Nurses and administrative and maintenance workers of the Hadassah Medical Organization decided Wednesday to continue their sanctions on Jerusalem’s Ein Kerem and Mount Scopus campuses until further notice until they receive their January salaries in full.
The HMO spokeswoman, Racheli Goldblatt, said that the Jerusalem District Court decision to freeze HMO’s financial dealings meant the immediate transfer to Hadassah of NIS 50 million from the government, matched by the same amount from the Hadassah Women’s Zionist Organization of America (HWZOA). The freeze of debts to suppliers and banks will make it possible for HMO to function and pay workers so the hospitals can continue functioning, she said.
“The first thing is to pay salaries; everyone received 50 percent of their January paychecks at the beginning of February, while the rest will be paid differentially. Those who earn up to NIS 10,000 will get all what they are owed, while those who earn more -- for example HMO director-general Avigdor Kaplan, who earns NIS 100,000 monthly -- will get only 30%,” she said.
It was not clear whether HMO employees would halt the sanctions that have nearly incapacitated the hospital’s functioning and sent patients streaming to financially robust Shaare Zedek Medical Center (SZMC) -- or whether they would continue to protest against management’s plans to dismiss hundreds of personnel and cut wages temporarily or permanently.
The Histadrut said the failure to pay the full wages of 6,000 HMO employees means that ambulatory care, including outpatient clinics, diagnostic institutes and day hospitals would continue to remain closed. Only urgent care will be provided. Emergency rooms and delivery rooms are being run on a reduced Shabbat schedule.
Meanwhile, SZMC a few kilometers north of Hadassah’s Ein Kerem campus has been receiving 350 patients a day at its regular emergency department and over 100 children at its pediatric emergency department -- instead of the total of 260 that it usually receives within 24 hours.
Director-general Prof. Jonathan Halevy called on his staffers to show up in full to cope with the additional patients who will not be treated at Hadassah. More beds, clean laundry, medical equipment and disposables were brought in. The number of operations has risen in recent days by 20%, as has the demand for outpatient clinics and diagnostic institutes.
Prof. Shlomo Mor-Yosef, the longtime former director-general of HMO who in 2011 left and became director-general of the National Insurance Institute (NII), made a public statement for the first time since he was accused of earning large sums in bonuses and severence pay from HMO. Speaking at a session devoted to NII’s own deficits, Mor-Yosef said he did not actually take the bonuses of over NIS 1 million from HMO, even though it was offered to him when he left. He also accused the Treasury and HWZOA of knowing about the severe financial decline of HMO but “not doing anything and even preventing solutions” when they could be found.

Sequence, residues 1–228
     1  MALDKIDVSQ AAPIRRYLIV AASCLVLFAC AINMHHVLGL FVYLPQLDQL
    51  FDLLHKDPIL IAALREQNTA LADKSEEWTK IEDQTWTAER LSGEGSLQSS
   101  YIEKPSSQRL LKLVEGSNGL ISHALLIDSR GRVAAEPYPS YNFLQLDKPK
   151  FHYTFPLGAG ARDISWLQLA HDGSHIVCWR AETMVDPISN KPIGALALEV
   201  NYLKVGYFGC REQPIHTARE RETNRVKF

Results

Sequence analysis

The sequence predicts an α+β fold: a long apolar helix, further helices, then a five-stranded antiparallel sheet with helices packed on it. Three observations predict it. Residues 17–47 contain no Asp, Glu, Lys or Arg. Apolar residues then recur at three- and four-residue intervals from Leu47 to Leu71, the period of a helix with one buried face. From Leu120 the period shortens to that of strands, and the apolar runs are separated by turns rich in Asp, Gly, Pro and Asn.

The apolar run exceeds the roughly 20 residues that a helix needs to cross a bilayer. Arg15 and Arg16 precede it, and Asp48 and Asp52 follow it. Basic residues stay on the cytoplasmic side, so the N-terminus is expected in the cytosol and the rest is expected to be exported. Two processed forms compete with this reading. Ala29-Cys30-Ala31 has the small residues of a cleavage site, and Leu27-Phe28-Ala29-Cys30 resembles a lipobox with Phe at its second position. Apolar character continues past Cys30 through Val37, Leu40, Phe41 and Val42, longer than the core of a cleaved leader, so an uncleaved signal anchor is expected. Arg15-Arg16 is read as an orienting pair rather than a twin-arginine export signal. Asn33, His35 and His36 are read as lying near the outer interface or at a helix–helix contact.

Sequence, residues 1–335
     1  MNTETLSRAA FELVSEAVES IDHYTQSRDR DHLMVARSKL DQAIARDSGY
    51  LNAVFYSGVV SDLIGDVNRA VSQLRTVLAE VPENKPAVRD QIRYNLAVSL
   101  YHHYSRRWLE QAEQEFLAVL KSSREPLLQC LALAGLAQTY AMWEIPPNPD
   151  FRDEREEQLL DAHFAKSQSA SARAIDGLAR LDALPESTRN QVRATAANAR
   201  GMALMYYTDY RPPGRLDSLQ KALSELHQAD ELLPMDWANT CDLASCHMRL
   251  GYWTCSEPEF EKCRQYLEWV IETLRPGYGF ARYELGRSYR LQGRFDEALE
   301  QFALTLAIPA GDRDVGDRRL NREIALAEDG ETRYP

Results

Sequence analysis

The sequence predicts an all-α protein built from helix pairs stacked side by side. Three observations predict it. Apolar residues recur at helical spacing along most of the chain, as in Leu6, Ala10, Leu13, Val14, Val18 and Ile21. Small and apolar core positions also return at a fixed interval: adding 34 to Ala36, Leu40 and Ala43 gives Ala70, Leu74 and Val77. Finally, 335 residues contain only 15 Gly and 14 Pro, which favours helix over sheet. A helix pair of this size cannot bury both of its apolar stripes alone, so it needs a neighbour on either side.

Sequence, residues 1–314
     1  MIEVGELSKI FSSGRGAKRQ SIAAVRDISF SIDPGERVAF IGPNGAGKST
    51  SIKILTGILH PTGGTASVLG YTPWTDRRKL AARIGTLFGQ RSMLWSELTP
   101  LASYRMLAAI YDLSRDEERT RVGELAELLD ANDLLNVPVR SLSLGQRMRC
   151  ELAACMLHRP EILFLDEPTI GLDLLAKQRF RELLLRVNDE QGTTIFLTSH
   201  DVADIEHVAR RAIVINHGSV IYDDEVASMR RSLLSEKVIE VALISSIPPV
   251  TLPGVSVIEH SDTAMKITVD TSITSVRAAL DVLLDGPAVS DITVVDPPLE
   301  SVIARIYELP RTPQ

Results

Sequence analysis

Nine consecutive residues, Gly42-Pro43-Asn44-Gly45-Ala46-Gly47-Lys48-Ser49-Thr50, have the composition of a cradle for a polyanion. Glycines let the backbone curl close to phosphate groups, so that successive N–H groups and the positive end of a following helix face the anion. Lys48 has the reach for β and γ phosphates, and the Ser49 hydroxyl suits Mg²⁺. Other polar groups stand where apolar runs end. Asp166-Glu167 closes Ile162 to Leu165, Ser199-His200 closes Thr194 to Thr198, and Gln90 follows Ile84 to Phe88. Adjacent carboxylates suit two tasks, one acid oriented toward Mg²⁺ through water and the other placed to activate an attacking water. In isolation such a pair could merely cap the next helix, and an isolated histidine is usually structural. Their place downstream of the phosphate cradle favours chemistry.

For four years, he said, “I was a successful director-general of Soroka University Medical Center [in Beersheba} and then 11 years director-general of HMO, and now at NII. I led Hadassah to its peak, medically, physically in infrastructure and in research. I raised NIS 1.5 billion in donations and led the building of the new Hospitalization Tower, which will supply hospital care for the next 50 years.” The health system, Mor-Yosef said, “is built on deficits as a method. Public sources for healthcare must grow. The presentation that HWZOA and the Treasury have made is tendentious and made to look like an objective document. They are involved in everything. HWZOA’s financial director participates in all management forums. They reduces their financial support drastically and want the debts to be paid from workers’ wages. The hospitals can’t survive without funding from the women, the owners,” Mor-Yosef continued.
HMO’s situation was known to both of them, but they let it decline,” he maintained. “They opposed my attempt to raise money director for the hospitals and even to set up a friends organization in Israel,” because they wanted to monopolize fundraising, Mor-Yosef said. “The hospitals are cynically taken advantage of to raise money for the Hadassah women’s” projects in the US...If the financial support given now had been given three years ago, we would not have reached this situation, but the Treasury goes into action only when an organization is dying,” said the former HMO head.
To divert the fire from the real causes, “they aim at me, the staff and the doctors -- and they are not the problem. Honoring wage agreements is accepted and not the problem. The effort to make the matter personal and not national will not succeed. Let them open my severence agreement, and I will accept what is decided. They forgot to note that I never took the bonuses that were coming to me.”
The Knesset plenum also discussed the HMO’s troubles. Labor Party and opposition chief MK Isaac Herzog said that the government knew about the impending crisis “but did nothing about it except to talk.”
Medical interns who work long shifts at Hadassah’s hospitals and earn very low pay complained on Wednesday that they are drowning in debts. Nearly 90 interns were sent to Hadassah to work 11 months ago by a lottery of hospital positions. They are caught in the middle, said Yael Holtzberg, who has six weeks more to get her medical doctor’s degree. “We can’t resign on the one hand, and we don’t have an official works committee on the other. We work full time plus at least four shifts per month of 24 hours apiece.”